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Condo and office towers are seen in downtown Vancouver, with the snow-capped north shore mountains in the distance, on Jan. 9, 2021.DARRYL DYCK/The Canadian Press

Recent reports on the frenzy in the real estate market have often referenced a somewhat surprising element: Millennials have largely been driving the rush.

It’s surprising because it wasn’t long ago millennials were being cast as victims of the wild surge in house prices across the country. Foreign buyers were being blamed for not just the gross spike in prices but also for robbing tens of thousands of young Canadians of their middle-class dreams of home ownership.

Today, it would appear it’s millennials, not investors from mainland China, largely responsible for the head-spinning amounts of money being put down on properties. And there is likely a perfect explanation.

The great wealth transfer is under way.

It’s no secret baby boomers (now between the ages of 57 and 74) are sitting on a pile of money. In the U.S., they are expected to transfer as much as US$30-trillion in wealth to younger generations over the next few decades. While there is no firm consensus on how much boomers are expected to leave behind to others here in Canada, it’s a good bet it will be in the hundreds of billions if not more.

The Rennie Marketing Group of Vancouver for some time has been tracking this phenomenon as it relates to real estate holdings. The numbers are truly mind-blowing.

In 2006, the total value of real estate in Metro Vancouver that was held mortgage-free was estimated to be $123.8-billion. At the time, just under half (47 per cent) of this value – about $60-billion – was held by those between the ages of 55-74.

By 2021, the total value of mortgage-free holdings in Metro Vancouver has more than tripled to $373.3-billion – a 201 per cent increase. The share of that total held by those between 55 to 74 – roughly the baby boomers – increased to more than $205-billion, says Andrew Ramlo, vice president, consulting, for Rennie.

The biggest driver of that value gain has been housing; benchmark prices in the region have doubled since 2006. Another element has been demographics and the aging of the region’s residents into the mortgage-free stage of their life cycle.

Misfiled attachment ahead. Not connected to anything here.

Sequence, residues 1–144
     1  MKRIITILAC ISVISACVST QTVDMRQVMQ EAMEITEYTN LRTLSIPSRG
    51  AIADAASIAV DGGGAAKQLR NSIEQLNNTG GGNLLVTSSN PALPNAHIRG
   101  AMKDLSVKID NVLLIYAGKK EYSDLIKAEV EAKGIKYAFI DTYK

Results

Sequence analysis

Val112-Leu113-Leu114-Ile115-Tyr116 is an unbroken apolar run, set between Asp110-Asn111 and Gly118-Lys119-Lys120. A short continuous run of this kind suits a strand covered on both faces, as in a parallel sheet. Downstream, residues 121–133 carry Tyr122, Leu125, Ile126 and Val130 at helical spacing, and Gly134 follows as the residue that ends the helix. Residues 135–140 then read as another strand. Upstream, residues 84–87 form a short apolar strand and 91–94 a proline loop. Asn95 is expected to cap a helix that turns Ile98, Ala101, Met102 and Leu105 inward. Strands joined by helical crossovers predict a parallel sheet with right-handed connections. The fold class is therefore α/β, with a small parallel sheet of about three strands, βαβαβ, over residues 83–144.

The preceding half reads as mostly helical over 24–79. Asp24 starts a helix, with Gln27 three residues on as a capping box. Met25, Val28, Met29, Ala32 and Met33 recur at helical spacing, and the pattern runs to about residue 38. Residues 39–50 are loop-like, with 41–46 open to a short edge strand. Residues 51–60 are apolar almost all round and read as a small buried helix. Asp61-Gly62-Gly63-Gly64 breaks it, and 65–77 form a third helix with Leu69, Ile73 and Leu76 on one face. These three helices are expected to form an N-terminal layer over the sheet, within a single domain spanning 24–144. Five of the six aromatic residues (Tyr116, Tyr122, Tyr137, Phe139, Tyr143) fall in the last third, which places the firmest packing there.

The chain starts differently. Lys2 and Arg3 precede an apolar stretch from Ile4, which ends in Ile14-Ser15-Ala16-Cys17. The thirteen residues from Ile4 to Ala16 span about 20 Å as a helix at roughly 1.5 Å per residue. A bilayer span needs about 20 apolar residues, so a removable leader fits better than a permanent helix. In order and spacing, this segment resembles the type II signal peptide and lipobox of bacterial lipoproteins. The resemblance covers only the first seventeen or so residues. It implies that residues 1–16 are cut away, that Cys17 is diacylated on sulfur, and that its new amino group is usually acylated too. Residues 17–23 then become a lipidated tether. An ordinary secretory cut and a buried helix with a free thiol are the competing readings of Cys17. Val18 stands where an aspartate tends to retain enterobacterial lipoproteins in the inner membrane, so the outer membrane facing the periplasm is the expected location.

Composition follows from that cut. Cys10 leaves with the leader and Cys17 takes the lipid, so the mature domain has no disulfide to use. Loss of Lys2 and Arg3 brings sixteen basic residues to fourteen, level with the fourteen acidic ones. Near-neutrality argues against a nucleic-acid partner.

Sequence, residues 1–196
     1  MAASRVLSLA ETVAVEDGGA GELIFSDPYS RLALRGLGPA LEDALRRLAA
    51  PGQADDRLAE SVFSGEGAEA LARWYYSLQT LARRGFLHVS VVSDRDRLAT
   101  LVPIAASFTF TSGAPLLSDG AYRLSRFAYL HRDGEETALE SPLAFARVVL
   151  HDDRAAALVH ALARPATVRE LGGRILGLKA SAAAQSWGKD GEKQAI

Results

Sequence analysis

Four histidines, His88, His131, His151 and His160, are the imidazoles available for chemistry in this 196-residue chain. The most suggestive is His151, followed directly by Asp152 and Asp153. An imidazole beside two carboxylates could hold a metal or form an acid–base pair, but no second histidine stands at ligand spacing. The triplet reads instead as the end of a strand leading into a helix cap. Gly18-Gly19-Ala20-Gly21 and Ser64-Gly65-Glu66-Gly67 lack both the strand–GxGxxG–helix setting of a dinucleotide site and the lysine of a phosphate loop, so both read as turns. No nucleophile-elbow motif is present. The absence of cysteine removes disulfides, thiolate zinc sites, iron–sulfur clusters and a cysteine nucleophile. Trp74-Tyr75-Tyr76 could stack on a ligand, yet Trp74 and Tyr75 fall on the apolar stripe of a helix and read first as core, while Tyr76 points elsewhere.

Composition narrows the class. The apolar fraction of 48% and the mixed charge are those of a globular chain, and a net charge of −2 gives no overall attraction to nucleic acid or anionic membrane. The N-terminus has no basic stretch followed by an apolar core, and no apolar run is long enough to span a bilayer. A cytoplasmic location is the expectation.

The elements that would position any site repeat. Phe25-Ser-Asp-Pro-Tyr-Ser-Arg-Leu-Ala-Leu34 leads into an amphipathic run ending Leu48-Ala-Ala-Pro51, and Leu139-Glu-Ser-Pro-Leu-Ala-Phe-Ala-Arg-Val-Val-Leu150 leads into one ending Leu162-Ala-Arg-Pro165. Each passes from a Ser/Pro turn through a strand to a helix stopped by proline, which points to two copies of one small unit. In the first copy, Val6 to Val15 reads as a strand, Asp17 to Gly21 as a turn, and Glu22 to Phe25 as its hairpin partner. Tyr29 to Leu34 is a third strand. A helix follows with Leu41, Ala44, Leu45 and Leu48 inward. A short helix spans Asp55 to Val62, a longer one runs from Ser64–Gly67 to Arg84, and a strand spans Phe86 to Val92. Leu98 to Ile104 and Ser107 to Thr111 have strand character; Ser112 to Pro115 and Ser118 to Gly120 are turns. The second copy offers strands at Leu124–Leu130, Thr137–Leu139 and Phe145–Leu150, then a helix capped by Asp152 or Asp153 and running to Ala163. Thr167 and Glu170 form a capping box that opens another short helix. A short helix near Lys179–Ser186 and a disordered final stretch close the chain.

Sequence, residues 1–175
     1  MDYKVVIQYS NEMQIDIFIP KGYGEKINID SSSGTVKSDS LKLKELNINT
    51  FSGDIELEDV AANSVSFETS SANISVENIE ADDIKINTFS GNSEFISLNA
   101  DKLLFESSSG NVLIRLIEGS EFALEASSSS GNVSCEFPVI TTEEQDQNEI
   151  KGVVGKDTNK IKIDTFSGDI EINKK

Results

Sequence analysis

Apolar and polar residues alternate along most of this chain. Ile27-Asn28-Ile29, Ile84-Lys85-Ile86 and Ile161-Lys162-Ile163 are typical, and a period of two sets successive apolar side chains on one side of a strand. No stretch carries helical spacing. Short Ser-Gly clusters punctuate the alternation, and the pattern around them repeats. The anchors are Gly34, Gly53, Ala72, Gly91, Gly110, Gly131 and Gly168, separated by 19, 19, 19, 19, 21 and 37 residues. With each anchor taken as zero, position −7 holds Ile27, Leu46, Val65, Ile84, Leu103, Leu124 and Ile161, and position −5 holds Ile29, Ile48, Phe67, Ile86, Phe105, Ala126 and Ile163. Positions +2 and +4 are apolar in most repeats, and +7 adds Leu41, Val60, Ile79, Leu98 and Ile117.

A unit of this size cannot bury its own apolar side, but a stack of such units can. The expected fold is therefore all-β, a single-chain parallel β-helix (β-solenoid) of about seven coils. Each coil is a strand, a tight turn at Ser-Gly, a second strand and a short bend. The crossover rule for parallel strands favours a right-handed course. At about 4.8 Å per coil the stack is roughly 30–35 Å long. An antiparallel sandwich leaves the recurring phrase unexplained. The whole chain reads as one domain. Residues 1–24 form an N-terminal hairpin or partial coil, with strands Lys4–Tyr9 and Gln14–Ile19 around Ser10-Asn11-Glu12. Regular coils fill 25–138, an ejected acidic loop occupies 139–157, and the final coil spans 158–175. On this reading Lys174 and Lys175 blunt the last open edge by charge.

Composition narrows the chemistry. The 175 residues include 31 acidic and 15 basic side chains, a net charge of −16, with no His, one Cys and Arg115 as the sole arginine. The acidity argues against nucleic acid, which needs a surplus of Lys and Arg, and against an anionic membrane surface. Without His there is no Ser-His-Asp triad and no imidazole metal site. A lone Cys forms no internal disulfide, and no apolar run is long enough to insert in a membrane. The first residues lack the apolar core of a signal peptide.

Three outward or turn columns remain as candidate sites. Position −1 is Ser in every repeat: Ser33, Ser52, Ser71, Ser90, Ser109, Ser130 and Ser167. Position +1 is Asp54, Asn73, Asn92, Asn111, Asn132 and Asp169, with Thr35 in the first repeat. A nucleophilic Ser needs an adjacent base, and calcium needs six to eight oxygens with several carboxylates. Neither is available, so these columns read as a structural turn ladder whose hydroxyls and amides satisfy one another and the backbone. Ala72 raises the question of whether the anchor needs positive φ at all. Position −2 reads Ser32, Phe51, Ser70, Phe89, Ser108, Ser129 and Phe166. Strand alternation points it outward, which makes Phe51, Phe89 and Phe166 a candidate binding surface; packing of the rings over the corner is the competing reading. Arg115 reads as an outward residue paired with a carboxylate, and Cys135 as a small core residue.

The share of mortgage-free equity held by those 55-74 increased to 55 per cent in 2021, up from only 46 per cent in 2006. Boomers are paying off their home and now have a lot of money to play with.

And give away.

This likely explains why so many millennials are getting into the market – they are accessing cash from parents who have, in many cases, downsized and realized a significant differential between what they sold their single-family dwelling for and what they paid for their smaller townhome or condo.

“One hundred per cent, this has been a major factor in what we are witnessing now,” Mr. Ramlo told me this week.

He conjured a theoretical couple in their late 30s who had saved enough to qualify for a $500,000 condo. But then their parents come along with $100,000 to offer them. Now they suddenly have enough for a much more expensive condo without increasing the size of their mortgage.

“This is something that is increasingly going to have an impact on prices in the market right across the country,” said Mr. Ramlo. “It will also at least partially explain the disconnect we are seeing between median family income and the value of homes people are buying. That median income doesn’t take into account the pile of cash parents coughed up, tax free.”

Some of Canada’s banks have estimated that 50 to 60 per cent of young people applying for mortgages today have received assistance from parents. However, Mr. Ramlo said mortgage brokers he’s talked to suggest the number is much higher, probably closer to 90 per cent.

Once upon a time people waited until their parents died before they saw any inheritance. Not any more. Boomers are much more savvy and much less inclined to wait until they are gone, when their wealth can be taxed by the government.

“I think once the pandemic ends, and the bills are finally tallied up, governments are going to be looking for ways to pay for it all,” Mr. Ramlo said. “And I think they are going to be looking to tax wealth in some form or another. I think this could provide even more incentive for boomers to part with more of their money now, before the government takes it.”

For many boomers, that moment has arrived and the impact is being felt across the country. And it will for years to come.

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